Updated 12 November 2013

Supplements may not guard against disease

According to a US government-backed panel there is little evidence that vitamin and mineral supplements protect people from cancer and heart problems.


There is little evidence that vitamin and mineral supplements protect people from cancer and heart problems, according to a new analysis. Based on those findings, a US government-backed panel issued draft recommendations that echo its previous conclusion: it cannot recommend for or against taking vitamins and minerals to prevent those conditions.

"At this point in time the science is not sufficient for us to estimate how much benefit or harm there is from taking vitamin or multivitamin supplements to prevent cancer or heart disease," Dr Michael LeFevre said.

LeFevre is co-vice chair of the US Preventive Services Task Force (USPSTF), which issues recommendations to help guide doctors and health systems. The USPSTF sponsored the new analysis.

The panel's draft statement also says neither beta-carotene nor vitamin E should be taken to prevent heart disease or cancer. Previously, beta-carotene was found to further increase the risk of lung cancer among people who are already at an increased risk.

Shared risk factors

Approximately 600 000 people die of heart disease in the US every year, according to the Centres for Disease Control and Prevention. Another 580 000 die of cancer, the American Cancer Society says.

Cancer and heart disease share a number of risk factors including inflammation, researchers wrote in the Annals of Internal Medicine. Animal and lab studies have suggested supplements may guard against some of those risk factors.

It's estimated that Americans spend about $12 billion each year on supplements. For the new analysis, Dr Stephen Fortmann and his colleagues from the Kaiser Permanente Centre for Health Research in Portland, Oregon, analysed studies that examined vitamin and mineral use to prevent cancer and heart disease.

After searching online medical research databases for studies published between January 2005 and January 2013, the researchers included data from 26 studies. Those studies examined the effects of multivitamins or specific vitamins and minerals taken together or alone.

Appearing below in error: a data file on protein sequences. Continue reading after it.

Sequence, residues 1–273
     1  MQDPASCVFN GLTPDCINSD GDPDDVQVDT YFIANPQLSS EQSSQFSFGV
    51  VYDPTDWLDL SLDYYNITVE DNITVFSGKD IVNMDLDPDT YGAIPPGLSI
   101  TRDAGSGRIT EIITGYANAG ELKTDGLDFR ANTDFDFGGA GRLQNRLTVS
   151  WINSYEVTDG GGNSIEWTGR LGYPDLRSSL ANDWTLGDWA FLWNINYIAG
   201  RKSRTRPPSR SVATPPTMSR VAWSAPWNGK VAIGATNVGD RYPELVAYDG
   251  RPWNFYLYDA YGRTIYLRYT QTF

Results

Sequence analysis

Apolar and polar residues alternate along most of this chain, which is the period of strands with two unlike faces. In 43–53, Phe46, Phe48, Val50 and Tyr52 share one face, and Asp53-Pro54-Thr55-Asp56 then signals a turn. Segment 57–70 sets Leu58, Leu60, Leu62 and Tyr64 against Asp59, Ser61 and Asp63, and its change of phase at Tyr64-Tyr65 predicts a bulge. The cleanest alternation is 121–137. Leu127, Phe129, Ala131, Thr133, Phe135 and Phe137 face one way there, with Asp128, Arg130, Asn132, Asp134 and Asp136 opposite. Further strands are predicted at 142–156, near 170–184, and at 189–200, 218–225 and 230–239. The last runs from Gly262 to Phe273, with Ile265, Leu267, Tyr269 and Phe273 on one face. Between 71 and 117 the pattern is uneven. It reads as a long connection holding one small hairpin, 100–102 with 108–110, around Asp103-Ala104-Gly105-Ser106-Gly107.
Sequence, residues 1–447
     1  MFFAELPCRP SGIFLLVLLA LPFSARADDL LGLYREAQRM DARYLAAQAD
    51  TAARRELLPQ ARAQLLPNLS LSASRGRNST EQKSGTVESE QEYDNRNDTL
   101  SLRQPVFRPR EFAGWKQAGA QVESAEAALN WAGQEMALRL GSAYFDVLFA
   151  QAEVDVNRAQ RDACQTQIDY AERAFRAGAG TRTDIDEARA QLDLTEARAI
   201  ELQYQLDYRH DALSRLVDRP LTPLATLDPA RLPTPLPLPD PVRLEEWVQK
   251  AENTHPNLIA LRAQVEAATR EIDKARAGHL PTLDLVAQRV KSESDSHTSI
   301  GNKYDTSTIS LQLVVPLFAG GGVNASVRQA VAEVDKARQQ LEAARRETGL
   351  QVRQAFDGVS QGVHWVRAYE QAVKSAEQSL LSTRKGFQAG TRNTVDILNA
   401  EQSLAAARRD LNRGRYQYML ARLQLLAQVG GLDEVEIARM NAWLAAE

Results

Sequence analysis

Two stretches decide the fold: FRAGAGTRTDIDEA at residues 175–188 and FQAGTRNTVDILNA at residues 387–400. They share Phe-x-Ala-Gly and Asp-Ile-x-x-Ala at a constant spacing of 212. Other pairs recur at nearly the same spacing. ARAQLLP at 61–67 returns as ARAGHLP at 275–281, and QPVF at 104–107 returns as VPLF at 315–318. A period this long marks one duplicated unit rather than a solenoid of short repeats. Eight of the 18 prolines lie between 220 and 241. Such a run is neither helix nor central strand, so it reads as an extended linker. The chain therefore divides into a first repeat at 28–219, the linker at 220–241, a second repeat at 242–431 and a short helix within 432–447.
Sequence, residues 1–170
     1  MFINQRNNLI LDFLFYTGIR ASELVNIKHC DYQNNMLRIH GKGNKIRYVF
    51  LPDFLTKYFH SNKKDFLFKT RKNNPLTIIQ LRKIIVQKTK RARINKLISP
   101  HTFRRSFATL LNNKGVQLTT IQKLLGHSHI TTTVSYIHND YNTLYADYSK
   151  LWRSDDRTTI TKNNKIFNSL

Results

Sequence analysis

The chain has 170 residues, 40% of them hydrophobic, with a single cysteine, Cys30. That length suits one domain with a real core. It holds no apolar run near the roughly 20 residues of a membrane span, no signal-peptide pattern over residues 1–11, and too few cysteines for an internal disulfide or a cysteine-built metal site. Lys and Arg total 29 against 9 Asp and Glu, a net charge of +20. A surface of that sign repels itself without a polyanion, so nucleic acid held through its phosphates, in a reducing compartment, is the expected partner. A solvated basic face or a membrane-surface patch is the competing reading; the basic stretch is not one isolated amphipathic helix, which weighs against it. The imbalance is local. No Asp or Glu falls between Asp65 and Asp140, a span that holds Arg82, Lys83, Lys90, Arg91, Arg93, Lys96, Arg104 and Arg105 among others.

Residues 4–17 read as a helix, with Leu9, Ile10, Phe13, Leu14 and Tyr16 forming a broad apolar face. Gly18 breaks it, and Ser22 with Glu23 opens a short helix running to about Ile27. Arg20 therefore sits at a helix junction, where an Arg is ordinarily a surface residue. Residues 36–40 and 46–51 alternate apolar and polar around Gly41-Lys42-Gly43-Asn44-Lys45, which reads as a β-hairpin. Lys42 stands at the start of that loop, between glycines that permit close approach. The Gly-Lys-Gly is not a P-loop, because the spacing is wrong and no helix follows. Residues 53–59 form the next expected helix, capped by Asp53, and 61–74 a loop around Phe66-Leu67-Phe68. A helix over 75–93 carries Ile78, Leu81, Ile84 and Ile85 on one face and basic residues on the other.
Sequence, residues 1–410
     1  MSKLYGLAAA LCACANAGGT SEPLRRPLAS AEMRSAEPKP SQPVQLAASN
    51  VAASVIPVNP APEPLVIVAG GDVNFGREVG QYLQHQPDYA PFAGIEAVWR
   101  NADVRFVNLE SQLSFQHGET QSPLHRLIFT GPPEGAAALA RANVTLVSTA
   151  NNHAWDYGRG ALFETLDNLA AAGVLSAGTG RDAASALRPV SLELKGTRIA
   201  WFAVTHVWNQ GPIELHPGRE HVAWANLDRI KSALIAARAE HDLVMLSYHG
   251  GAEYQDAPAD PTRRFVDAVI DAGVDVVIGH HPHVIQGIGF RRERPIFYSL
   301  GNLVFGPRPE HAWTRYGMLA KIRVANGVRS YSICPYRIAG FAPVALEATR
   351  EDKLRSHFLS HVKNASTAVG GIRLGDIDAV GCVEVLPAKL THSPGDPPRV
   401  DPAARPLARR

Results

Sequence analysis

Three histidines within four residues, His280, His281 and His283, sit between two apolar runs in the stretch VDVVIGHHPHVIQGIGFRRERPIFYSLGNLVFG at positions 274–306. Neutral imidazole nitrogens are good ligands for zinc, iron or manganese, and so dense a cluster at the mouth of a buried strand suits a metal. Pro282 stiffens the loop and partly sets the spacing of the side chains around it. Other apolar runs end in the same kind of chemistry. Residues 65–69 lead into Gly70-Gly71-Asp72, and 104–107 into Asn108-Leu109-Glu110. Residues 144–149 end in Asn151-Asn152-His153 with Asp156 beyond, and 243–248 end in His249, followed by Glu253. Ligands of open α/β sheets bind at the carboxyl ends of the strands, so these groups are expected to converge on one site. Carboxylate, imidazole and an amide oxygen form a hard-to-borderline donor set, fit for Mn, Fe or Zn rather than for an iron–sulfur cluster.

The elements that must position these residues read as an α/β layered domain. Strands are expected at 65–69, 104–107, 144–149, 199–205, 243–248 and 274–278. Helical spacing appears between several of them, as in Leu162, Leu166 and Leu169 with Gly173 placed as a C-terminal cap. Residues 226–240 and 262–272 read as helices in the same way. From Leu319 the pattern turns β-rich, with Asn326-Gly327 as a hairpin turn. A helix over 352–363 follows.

The studies included anywhere from 128 to over 72 000 participants with average ages between 22 and 77. The average age for most studies was greater than 50, however. Participants were not taking supplements for any known nutritional deficiencies, such as low vitamin D levels.

The researchers found there was no difference in deaths between people taking multivitamins and people taking placebo pills or nothing. Also, there was no effect of multivitamins on fatal or non-fatal heart disease. Two trials did show a small reduction in new cancers over a 10-year period, but only in men.

Few quality studies

Fortmann and his colleagues concluded there is no consistent evidence that supplements – multivitamins or otherwise – affect the risk of heart disease, cancer or death among adults. That, they write, is consistent with earlier findings.

But they caution that there are few quality studies on supplements other than vitamin E and beta-carotene. After reviewing six trials on each, the researchers found vitamin E did not have any benefits. Beta-carotene increased the risk of lung cancer among smokers. "The main message is that there's not much evidence of a long term health benefit to taking most of the vitamins that people are taking," Fortmann told Reuters Health.

"But one has to qualify that comment, because we only looked at evidence through heart disease, cancer and deaths and it's hard to show an effect on those things."

Steve Mister, president and CEO of the Council for Responsible Nutrition (CRN) said most people don't take vitamins or minerals to protect against heart disease or cancer. "We have both government data and our own consumer study that we do every year," Mister said.

"Primarily, they take these vitamins or multivitamins because they know they're not eating the diet that they should... They help to fill in those gaps." CRN is a Washington, DC-based trade group that represents dietary supplement manufacturers and ingredient suppliers.

"We tell consumers to talk with a healthcare provider and recognise that a multivitamin is part of a healthy lifestyle," Mister told Reuters Health. "It's not a silver bullet that's going to save you from all the things that you do."

Supplements no excuse for a poor diet

Fortmann emphasized that message and said people shouldn't take supplements as an excuse for having a poor diet. "If you're taking a vitamin, you shouldn't be too confident that it's preventing any heart disease or cancer," he said. LeFevre, who is also a professor at the University of Missouri in Columbia, said the findings don't mean nutrition doesn't matter.

"Good nutrition is important and probably important for heart disease and cancer," he told Reuters Health. LeFevre added that the new statement also does not affect the panel's recommendation that older adults who are at high risk of falls should have physical therapy and take vitamin D supplements to reduce their chance of injury.


Read Health24’s Comments Policy

Comment on this story
Comments have been closed for this article.

Live healthier

Exercise benefits for seniors »

Working out in the concrete jungle Even a little exercise may help prevent dementia Here’s an unexpected way to boost your memory: running

Seniors who exercise recover more quickly from injury or illness

When sedentary older adults got into an exercise routine, it curbed their risk of suffering a disabling injury or illness and helped them recover if anything did happen to them.